Axure is an integrated wireframing, prototyping, and specifications system. It means that we can start developing the specifications document in parallel to the wireframing and prototyping effort. Diagrams are a good example of important documentation that can be created in Axure and generated in the Word specification document.

Use case diagram page

When you launch Axure, it opens with a blank new file with a home page and three nested siblings (see the following screenshot, A). I recommend keeping the structure and flow pages, such as use case and flow diagrams, in a section above the wireframe pages. Note that the order of pages in the Sitemap pane is the order in which those pages will appear the HTML prototype and Word specifications table of contents.

By placing the structure and flow pages first, you control the logical narrative that provides high-level abstractions, such as user flows, before moving into the actual wireframes and interaction. This will work well in early review meetings, as you describe the prototype. Additionally, in a later stage, readers of the UX specification will be able to form a clear idea of the application by following the page progression.

In the Sitemap pane, add a New Sibling page above the Home page (B) as shown in the following screenshot:

Double-click on this new page to open it as a tab in the Wireframe tab. Next, rename the new page Use Cases. (as shown in the following screenshot, A). Axure provides a method to differentiate between wireframe pages and diagram pages: Right-click and select the Flow option (B) from the Diagram Type contextual menu. Notice that the page icon (C) has changed making it easier to distinguish between wireframe and flow pages:

Wireframe and Flow pages are identical in all aspects except the icon to the left of their name.

Next, select the Flow widget library (see the following screenshot, A) in the Widgets pane. Drag out the Actor widget (B) to the page. This stick figure is the standard representation of users in UML and most diagramming methodologies. Drag out an Ellipse widget and label it Browse Path (C). The Ellipse is the UML notation for a use case. Continue to add and label ellipse widgets as needed:

In order to complete the use case diagram, we want to connect the actor widget to the use cases and organise the widgets nicely on the page for a polished presentation. Begin with the layout and organise the cases in a vertical order that follows a logical progression of possibilities.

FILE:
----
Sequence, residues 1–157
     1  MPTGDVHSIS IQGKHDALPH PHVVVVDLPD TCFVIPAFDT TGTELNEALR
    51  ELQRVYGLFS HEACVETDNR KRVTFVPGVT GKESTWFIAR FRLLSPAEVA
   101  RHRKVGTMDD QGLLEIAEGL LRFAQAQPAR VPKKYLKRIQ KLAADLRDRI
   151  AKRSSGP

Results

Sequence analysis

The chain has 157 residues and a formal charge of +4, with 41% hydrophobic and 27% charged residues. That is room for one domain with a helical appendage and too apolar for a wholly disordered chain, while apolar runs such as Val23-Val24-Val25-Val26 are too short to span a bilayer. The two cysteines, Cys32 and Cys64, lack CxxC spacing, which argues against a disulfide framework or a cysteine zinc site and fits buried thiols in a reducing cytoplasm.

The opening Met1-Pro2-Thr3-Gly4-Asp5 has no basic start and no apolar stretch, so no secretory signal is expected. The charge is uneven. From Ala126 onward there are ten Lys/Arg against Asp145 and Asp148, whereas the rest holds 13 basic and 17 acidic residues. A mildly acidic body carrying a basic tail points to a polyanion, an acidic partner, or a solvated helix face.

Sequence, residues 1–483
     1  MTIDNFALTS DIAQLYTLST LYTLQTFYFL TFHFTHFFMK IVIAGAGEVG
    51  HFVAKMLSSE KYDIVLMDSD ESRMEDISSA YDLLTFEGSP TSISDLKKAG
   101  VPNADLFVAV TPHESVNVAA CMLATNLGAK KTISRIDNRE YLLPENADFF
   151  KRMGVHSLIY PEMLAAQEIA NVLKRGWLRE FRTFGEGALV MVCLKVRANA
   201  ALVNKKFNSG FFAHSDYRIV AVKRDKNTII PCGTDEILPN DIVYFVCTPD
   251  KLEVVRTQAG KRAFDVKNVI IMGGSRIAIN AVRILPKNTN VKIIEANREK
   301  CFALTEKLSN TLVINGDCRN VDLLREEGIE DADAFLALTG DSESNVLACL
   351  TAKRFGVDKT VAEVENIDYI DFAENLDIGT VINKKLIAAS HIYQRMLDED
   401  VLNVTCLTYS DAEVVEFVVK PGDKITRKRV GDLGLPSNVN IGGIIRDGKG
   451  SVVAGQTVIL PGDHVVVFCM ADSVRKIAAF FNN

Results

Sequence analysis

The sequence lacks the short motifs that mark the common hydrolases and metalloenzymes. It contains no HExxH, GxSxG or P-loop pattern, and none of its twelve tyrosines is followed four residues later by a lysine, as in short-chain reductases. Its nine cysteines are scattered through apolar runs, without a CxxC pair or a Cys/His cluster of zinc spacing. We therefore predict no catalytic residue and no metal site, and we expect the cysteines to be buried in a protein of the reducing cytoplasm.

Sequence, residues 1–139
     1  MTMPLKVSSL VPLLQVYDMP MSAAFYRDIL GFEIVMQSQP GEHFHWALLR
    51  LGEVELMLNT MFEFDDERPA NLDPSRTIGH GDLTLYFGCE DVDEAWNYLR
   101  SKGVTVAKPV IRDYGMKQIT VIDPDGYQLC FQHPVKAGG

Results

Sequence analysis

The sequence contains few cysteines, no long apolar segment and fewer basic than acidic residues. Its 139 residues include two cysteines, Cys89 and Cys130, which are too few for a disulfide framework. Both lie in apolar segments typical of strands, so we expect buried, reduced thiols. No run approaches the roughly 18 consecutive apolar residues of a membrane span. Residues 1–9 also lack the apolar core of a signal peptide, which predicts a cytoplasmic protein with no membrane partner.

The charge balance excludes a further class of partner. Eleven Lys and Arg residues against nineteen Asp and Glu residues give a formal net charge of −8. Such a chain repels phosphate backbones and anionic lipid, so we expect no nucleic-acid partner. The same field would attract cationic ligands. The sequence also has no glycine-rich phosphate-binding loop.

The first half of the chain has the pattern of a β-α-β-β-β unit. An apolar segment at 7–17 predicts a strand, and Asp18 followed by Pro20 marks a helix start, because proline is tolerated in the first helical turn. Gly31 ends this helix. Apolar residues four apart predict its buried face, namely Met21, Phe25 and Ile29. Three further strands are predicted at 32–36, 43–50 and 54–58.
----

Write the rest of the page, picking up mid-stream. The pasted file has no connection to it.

This is a great opportunity to get familiarized with Axure's three selection modes, which facilitate moving and arranging widgets on wireframe and flow pages. You can find the Selection Mode on the Axure's toolbar. (See the following screenshot, A for the Windows version, and B for the Max version.)

  1. Select Intersected Mode (C): This is Axure's default mode. When you click and drag your mouse over the wireframe, all the widgets that are part of your selection area, even if they were only partially included in it, are selected.
  2. Select Contained Mode (D): In this mode, only widgets that are fully included in your selection are selected.
  3. Connector Mode (E): This mode is most effective when you work with Flow widgets because it generates connector lines that you can use to hook up the various flow widgets in your diagrams.

Personally, I prefer the Select Contained Mode over the default Select Intersected Mode, because it provides precision by including only items fully encompassed by my selection, leaving out others that are in close proximity:

In order to organise widgets on a page, use the tools in the Object toolbar. The following screenshot shows the tools on the Mac version; the identical tools are on the Windows version:

  • Group and ungroup objects (A).
  • Move forward or backwards, top or bottom (B).
  • Align objects left, right and middle and top, bottom and center (C).
  • Distribute objects horizontally and vertically (D) .
  • Lock and unlock objects (E).

Select a group of widgets in the use case page, as illustrated in the following screenshot, and use the Align (A) and Distribute (B) options on the toolbar to balance the cases on the page:

With all the use cases vertically aligned and evenly distributed, group them together using the Group option on the toolbar. Select this group and, while holding the Shift key, select the Actor widget. Use the Align Middle option to have the Actor facing the use cases.

Next, switch to the Connector mode and draw lines from the Actor widgets to each of the use cases. You should end up with a page that looks something similar to the following screenshot:

Saving the project file

To paraphrase the joke on Chicago elections: Save your work early and often. In my experience, Axure is very stable, but long ago, I developed the instinct to save my work frequently. In addition to the standard save, I recommend a strategy to support iterative design work: Use the Save As command at the end of each day to create an archive of daily versions of your RP file. It is also a good idea to use the Save As command before making dramatic changes to key wireframes.